100-day old mystery of the missing JNU student

It’s been over three months since JNU student Najeeb Ahmed went missing and we still don’t have the foggiest

rahul

Rahul Dass | January 21, 2017 | New Delhi


#JNU Protest   #JNU Row   #Najeeb Ahmed   #JNU  


Jawaharlal Nehru University (JNU) student Najeeb Ahmed has been missing for 100 days now after an altercation with Akhil Bharatiya Vidyarthi Parishad (ABVP) activists and sleuths are still groping in the dark.

JNU, the institution known for its robust culture of politics pursued by students, was hit by a double whammy last year – first five of its students were charged with sedition and then Najeeb went missing.

Read: Letter to my daughter: Why JNU matters 

Najeeb’s sudden disappearance on October 15, 2016 had caused considerable tension and was seen as a sign of what ails India’s leading university.

The police registered an FIR on October 16 at police station Vasant Kunj.

In November, the police traced an auto driver who said that he had dropped Najeeb at Jamia Millia Islamia.

An SIT was then formed to trace Najeeb on the direction of home minister Rajnath Singh. However, the SIT failed to make much headway.
The SIT did focus on the psychiatric angle after it came to light that Ahmed was suffering from OCD with depression.

Read: How I fought discrimination at JNU
 

Even as police intensified its search, there was a hypothesis that Najeeb might have moved to a small town to live in anonymity.
On November 26, Najeeb’s mother Fatima Nafees moved the Delhi high court over her son’s disappearance. Senior advocate Colin Gonsalves, who appeared for the mother, said that there was a “political connection in the case” because of the involvement of student group which is close to the ruling government.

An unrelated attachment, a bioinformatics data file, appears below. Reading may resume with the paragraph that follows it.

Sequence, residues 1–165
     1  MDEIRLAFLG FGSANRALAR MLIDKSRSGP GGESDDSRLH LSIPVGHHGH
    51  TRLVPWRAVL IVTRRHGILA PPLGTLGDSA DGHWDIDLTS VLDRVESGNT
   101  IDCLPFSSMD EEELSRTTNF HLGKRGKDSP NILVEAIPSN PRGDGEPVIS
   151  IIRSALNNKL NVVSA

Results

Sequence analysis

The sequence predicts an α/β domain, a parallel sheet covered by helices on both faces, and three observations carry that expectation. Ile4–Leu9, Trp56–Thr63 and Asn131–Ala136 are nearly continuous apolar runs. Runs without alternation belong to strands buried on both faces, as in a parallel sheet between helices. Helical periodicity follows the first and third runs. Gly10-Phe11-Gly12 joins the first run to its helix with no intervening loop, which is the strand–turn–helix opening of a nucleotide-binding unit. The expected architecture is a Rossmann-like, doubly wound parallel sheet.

Najeeb’s mother alleged that her son was beaten up by members of ABVP “which is affiliated to the RSS and therefore, closely connected with the BJP which is the party in power at the Centre”.

Since the Delhi Police comes under the control of the Central government, it is not likely that any progress will be made in the investigation, she claimed.

In December, the police carried out a thorough search of the JNU campus. As many as 600 police personnel were involved in the search for Najeeb. But, he could not be found.

The massive search was mounted following a Delhi high court order. The court told the police to minutely go through the entire JNU campus including hostels, classrooms as well as rooftops of the buildings with help of sniffer dogs.

The police announced a reward of Rs 10 lakh, a sizeable sum of money which lies unclaimed even 100 days after his disappearance.



 

Comments

 

Other News

An eye on AI

Google Assistant, Rekognition and Tay. All these, often seen in news, have a common thread – they are powered by Artificial Intelligence (AI). Only difference is that while some have been in news for right reasons, some others have made it to the headlines for all the wrong reasons. For instance, Goo

Data-powered economy

1.33 billion. Let that large number sink in. That number is nearly 18 percent of the total global population, and almost the number of people estimated to currently reside in the republic of India, one of the world’s largest and fastest growing economies. These 1.33 billion people are spread across a

Dams or time bombs?

Kerala is limping back to normal after the devastating floods that wreaked havoc in the state prompting red alert in all 14 of its districts. While the rescue activities and immediate relief are now a thing of the past, the state is struggling to turn a new page and the focus is on reconstruction an

The imprint of the Gurjara Pratiharas

On August 16, when the country lost its beloved former prime minister Atal Bihari Vajpayee, a nondescript village, 70 km from Agra, came into the limelight. Bateshwar, the ancestral village of Vajpayee, is situated along the notorious Chambal ravines on the banks of the Yamuna. Vajpayee&rsq

Imagining the worst

Love Sonia is not a film you would want to watch if you knew its subject: sex trafficking. Without even a scene experienced, the subject induces visceral revulsion. However optimistic the screenplay, it can only deal in ugly dregs and bring up retching bile. Even so, Love Sonia, gritty an

India’s balancing act with China

On the first day of his August 19-20 visit to India, when Japanese defence minister Itsunori Onodera held talks with his Indian counterpart Nirmala Sitharaman, several defence and strategic-related issues had cropped up in their annual talks. But a big smile flashed on Sithraman’s face when Onodera,

Current Issue

Current Issue

Video

CM Nitish’s convoy attacked in Buxar

Opinion

Facebook    Twitter    Google Plus    Linkedin    Subscribe Newsletter

Twitter